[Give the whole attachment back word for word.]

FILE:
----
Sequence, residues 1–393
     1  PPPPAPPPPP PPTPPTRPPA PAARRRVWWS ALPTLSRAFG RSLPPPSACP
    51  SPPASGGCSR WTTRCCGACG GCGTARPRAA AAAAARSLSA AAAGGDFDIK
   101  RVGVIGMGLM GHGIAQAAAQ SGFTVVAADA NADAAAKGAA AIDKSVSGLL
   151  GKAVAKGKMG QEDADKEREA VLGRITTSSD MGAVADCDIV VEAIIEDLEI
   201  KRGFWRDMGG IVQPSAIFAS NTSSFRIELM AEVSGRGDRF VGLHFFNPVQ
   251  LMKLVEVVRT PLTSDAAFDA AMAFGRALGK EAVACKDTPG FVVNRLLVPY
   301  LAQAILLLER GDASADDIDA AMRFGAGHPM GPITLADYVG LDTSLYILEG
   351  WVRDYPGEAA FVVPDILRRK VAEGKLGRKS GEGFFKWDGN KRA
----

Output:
Sequence, residues 1–393
     1  PPPPAPPPPP PPTPPTRPPA PAARRRVWWS ALPTLSRAFG RSLPPPSACP
    51  SPPASGGCSR WTTRCCGACG GCGTARPRAA AAAAARSLSA AAAGGDFDIK
   101  RVGVIGMGLM GHGIAQAAAQ SGFTVVAADA NADAAAKGAA AIDKSVSGLL
   151  GKAVAKGKMG QEDADKEREA VLGRITTSSD MGAVADCDIV VEAIIEDLEI
   201  KRGFWRDMGG IVQPSAIFAS NTSSFRIELM AEVSGRGDRF VGLHFFNPVQ
   251  LMKLVEVVRT PLTSDAAFDA AMAFGRALGK EAVACKDTPG FVVNRLLVPY
   301  LAQAILLLER GDASADDIDA AMRFGAGHPM GPITLADYVG LDTSLYILEG
   351  WVRDYPGEAA FVVPDILRRK VAEGKLGRKS GEGFFKWDGN KRA